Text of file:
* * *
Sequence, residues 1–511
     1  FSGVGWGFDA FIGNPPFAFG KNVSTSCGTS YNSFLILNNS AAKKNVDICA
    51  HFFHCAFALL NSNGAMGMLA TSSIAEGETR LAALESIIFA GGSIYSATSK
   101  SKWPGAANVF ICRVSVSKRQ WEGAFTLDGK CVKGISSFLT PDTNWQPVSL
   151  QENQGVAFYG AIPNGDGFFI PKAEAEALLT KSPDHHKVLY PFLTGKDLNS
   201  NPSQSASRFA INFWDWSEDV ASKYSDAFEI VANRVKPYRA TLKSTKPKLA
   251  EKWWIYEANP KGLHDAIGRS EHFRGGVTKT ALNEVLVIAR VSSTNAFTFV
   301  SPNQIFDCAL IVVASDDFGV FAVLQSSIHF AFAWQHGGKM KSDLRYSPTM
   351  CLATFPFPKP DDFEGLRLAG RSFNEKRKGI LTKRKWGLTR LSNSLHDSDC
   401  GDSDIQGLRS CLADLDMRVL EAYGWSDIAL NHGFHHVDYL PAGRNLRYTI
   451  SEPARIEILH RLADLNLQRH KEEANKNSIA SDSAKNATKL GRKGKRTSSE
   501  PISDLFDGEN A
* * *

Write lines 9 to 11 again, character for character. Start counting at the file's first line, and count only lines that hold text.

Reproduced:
   351  CLATFPFPKP DDFEGLRLAG RSFNEKRKGI LTKRKWGLTR LSNSLHDSDC
   401  GDSDIQGLRS CLADLDMRVL EAYGWSDIAL NHGFHHVDYL PAGRNLRYTI
   451  SEPARIEILH RLADLNLQRH KEEANKNSIA SDSAKNATKL GRKGKRTSSE